You’re Not Responding To Messages And Comments.

Or you’re just not responding quickly enough. That can be a tall order with 40% of consumers expecting brands to respond within the first hour of reaching out on social media, and 79% expecting a response in the first 24 hours. But responding to inquiries in a timely manner is essential if you want to grow your business using social media. 

One way to make this process easier is through a social media management tool like Hootsuite. Hootsuite allows you to answer all of your business’s social media messages and comments from Facebook, Instagram, Twitter, and LinkedIn in one combined inbox. That makes checking on and answering your messages a much quicker and simpler process and can help ensure that you don’t miss important messages on lesser-used platforms. 

Comments are important as well. Even if a comment doesn’t require a response, leaving a “like” on positive comments can be a quick way to show your audience that their engagement matters to you. 

You’re Focusing On Quantity Over Quality.

You do not have to post every day. 

Let me repeat that. 

Sad woman complaining checking email on a laptop

You do not have to post every day. 

If you are posting every day and you’re getting a lot of engagement each and every time, that’s great. But you do not have to post just for the sake of posting. In fact, some companies have seen great results from reducing their social media posting and focusing on making sure that their posts were adding value for their audience. 

For example, Buffer, a very popular social media management company, saw a three-fold increase in engagement when they reduced their Facebook posting from 4–5 times per day to 1–2 times a day. This allowed them to focus on only releasing their best content, which was more interesting to their audience. Their followers were also less overwhelmed with content and were more likely to engage with Buffer as a result. It’s all about making sure that you’re keeping your audience’s needs top of mind.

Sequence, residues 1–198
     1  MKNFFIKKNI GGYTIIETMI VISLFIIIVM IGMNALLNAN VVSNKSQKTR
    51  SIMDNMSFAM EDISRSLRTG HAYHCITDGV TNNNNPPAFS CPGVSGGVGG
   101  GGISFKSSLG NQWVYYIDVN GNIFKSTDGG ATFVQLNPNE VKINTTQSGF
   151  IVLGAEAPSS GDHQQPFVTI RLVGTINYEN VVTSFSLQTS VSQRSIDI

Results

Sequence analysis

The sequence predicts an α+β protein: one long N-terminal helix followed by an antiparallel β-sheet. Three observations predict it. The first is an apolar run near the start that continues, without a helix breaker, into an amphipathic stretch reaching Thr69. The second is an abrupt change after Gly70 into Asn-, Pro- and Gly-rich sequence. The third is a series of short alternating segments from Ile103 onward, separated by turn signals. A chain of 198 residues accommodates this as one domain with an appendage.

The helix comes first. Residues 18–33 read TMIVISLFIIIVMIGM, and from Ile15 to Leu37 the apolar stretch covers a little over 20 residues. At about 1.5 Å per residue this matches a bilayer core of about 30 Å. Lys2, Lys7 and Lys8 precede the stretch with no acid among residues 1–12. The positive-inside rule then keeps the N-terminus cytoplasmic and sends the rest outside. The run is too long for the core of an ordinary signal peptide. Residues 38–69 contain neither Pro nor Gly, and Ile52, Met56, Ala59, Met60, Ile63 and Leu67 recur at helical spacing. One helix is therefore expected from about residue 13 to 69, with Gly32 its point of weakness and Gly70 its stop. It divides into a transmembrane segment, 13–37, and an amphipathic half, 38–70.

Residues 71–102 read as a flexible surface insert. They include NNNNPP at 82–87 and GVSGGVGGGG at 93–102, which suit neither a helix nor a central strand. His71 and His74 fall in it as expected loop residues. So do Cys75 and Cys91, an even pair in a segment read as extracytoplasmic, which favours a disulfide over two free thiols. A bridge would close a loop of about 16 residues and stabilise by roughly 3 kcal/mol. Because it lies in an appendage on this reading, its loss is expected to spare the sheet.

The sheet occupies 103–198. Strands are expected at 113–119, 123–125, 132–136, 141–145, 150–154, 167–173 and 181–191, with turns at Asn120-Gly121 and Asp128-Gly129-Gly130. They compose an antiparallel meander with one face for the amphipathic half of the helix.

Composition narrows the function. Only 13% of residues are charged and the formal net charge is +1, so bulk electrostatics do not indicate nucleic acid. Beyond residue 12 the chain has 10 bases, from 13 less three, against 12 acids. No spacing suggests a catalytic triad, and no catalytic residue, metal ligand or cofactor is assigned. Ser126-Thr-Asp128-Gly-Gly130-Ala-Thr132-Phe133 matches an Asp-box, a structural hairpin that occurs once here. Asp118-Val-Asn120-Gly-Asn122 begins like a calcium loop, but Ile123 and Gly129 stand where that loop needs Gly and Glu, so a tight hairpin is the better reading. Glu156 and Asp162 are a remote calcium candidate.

You’re Not Optimizing Over Time.

You need to be tracking your metrics for social media and optimizing your strategies over time. Otherwise, you’re always going to be fighting an uphill battle. 

Most social media platforms and social media management tools keep track of certain metrics such as the number of likes, which posts are the most popular, the amount of organic traffic you receive, and more. It’s important to make sure that you are taking this data into account and using it. 

For example, if you’ve noticed that your 1 p.m. Facebook posts get more engagement than your 5 p.m. Facebook posts, then stop posting at 5 p.m. Experiment with posting at different times and use that data to determine when your audience is the most likely to be active. Or if you’ve noticed that your photo album posts get more engagement than your stationary image posts, make a concerted effort to put more photo albums into your content mix. 

It’s that simple. Making small, concerted efforts to optimize your social media strategy based on data will help you to get better, more consistent results over time and get the most out of your campaigns.